Moderate: evidence medium
Findings are supported, but further research could change the conclusions.

Low: evidence low
There are very few studies, or existing studies are flawed.

Insufficient: evidence insufficient
Research is either unavailable or does not permit estimation of a treatment effect.

Glossary

  • Sensitivity—known as the “true-positive rate” or the ability of a test to correctly identify people with a condition.
  • Specificity—known as the “true-negative rate” or the ability of a test to correctly identify people without a condition.
  • Positive Predictive Value—indicates the likelihood that a person with a positive test result will have the condition for which the test is used. The higher the positive predictive value (e.g., 90% is considered a high value), the more useful the test is for predicting that the person has the condition.
  • Negative Predictive Value—indicates the likelihood that a person with a negative test result does not have a condition. The higher the negative predictive value (e.g., 99% is considered a high value), the more useful the test is for predicting that a person does not have the condition.

Findings on Prevalence and Etiology of MSK Pain and Serological Tests in Healthy Children

The systematic review included a literature search to evaluate the prevalence of MSK pain in children and adolescents who do not have JIA and pSLE and to determine the prevalence of positive ANA, RF, and CCP test results among healthy patients.

Prevalence of Undiagnosed MSK Pain in Children

Etiology of Undiagnosed MSK Pain in Children

  • According to 1 retrospective chart review, 97 percent of MSK pain in children was of noninflammatory origin.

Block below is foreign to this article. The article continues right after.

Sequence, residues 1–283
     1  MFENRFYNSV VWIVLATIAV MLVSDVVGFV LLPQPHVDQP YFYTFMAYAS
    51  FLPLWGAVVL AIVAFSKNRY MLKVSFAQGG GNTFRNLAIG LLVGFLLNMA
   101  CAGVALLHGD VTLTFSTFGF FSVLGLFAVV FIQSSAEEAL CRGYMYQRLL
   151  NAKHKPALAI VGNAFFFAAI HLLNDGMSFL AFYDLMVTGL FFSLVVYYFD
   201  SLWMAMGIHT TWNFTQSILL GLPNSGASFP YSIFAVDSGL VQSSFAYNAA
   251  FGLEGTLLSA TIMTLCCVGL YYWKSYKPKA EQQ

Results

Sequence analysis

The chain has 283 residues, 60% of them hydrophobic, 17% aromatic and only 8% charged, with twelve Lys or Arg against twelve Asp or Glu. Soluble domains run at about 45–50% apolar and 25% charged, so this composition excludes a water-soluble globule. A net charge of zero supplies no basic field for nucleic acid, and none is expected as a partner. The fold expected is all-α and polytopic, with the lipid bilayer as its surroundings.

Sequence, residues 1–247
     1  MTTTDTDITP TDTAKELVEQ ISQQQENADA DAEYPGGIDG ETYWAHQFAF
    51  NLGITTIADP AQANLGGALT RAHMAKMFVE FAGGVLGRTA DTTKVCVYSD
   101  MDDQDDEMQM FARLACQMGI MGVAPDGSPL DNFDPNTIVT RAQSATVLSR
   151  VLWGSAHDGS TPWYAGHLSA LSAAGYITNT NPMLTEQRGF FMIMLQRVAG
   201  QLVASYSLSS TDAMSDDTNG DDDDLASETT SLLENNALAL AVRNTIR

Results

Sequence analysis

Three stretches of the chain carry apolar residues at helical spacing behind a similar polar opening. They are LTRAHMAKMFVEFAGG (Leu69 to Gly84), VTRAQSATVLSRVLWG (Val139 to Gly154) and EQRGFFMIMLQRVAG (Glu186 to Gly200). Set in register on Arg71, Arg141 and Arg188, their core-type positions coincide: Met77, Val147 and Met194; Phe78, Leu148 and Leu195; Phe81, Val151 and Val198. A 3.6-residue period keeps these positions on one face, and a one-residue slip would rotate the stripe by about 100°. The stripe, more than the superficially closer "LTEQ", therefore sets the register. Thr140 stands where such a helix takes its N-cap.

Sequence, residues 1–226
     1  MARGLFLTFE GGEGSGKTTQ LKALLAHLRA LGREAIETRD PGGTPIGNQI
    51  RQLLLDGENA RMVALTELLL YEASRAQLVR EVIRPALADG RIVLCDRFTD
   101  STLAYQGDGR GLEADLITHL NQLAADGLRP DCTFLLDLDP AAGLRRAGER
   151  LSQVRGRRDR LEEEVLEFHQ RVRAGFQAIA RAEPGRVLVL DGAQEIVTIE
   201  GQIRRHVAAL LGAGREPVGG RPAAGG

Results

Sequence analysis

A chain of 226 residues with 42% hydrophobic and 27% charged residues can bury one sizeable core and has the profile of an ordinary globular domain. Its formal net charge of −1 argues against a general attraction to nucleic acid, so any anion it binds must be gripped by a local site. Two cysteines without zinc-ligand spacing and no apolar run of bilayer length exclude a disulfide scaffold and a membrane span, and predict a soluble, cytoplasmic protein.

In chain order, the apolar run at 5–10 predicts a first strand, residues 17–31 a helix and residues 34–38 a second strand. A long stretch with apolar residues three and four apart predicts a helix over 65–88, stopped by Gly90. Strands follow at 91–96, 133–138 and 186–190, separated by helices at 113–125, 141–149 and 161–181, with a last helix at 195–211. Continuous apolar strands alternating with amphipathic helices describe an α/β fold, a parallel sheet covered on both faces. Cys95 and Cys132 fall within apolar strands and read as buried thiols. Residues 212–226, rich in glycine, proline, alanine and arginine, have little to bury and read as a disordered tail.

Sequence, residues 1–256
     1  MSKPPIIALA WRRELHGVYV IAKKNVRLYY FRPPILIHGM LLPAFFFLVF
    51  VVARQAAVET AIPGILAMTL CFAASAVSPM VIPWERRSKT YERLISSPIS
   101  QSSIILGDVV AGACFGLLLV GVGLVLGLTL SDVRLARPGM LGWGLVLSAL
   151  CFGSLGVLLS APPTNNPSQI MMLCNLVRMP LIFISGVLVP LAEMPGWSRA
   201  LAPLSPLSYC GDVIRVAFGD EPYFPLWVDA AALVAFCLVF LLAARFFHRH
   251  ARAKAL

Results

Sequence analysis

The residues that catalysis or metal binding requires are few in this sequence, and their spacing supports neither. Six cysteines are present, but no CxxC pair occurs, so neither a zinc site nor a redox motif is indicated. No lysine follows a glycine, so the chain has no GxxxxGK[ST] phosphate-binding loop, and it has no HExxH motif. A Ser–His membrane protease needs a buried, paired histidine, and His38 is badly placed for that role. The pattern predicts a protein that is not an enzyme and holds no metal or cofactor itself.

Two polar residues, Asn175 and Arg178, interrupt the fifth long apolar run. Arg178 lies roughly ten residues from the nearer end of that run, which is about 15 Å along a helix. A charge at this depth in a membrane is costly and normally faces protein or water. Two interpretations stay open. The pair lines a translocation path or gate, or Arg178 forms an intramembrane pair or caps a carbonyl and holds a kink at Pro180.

• The most common cause is physical trauma (44%).
    • Other causes include overuse (24%), osteochondroses (10.3%), hypermobility (3.3%), growing pain (3.5%), and viral infection (4.5%).
    • The prevalence of these etiologies varies with age.
  • Of the 3 percent of pediatric cases of MSK pain that result from inflammatory causes:
    • 2.5 percent result from toxic synovitis (also known as transient synovitis).
    • 0.8 percent result from inflammatory arthritides.

Test Positivity in Healthy Children

Gaps in Knowledge

  • No studies examined clinically important outcomes—such as the impact of the test results on referrals, ordering additional tests, patient management, and patient and parent anxiety levels—which can affect quality of life and psychological well-being.
  • No studies addressed the patient or clinical characteristics that could modify the accuracy of these serological tests including age, sex, race, history of recent infections, and presence of other characteristics other than MSK pain.

What To Discuss With Your Patients

  • That MSK pain is common and may recur
  • That inflammatory causes are found in only 3 percent of children
  • The important role of a complete patient history and physical examination in diagnosing a rheumatic cause of MSK pain
  • When ANA, RF, or CCP serological testing is useful
  • Reasonable expectations of a positive or negative serological test result when taking the clinical diagnosis into account

Source

The information in this summary is based on Antinuclear Antibody, Rheumatoid Factor, and Cyclic-Citrullinated Peptide Tests for Evaluating Musculoskeletal Complaints in Children, Comparative Effectiveness Review No. 50, prepared by the University of Alberta Evidence-based Practice Center under Contract No. HHSA 290-2007-10021-I for the Agency for Healthcare Research and Quality, March 2012.

This summary was prepared by the John M. Eisenberg Center for Clinical Decisions and Communications Science at Baylor College of Medicine, Houston, TX. It was written by Emily White, M.A., Kim Farina, Ph.D., Andrea Humphries, Ph.D., Eyal Muscal, M.D., and Michael Fordis, M.D.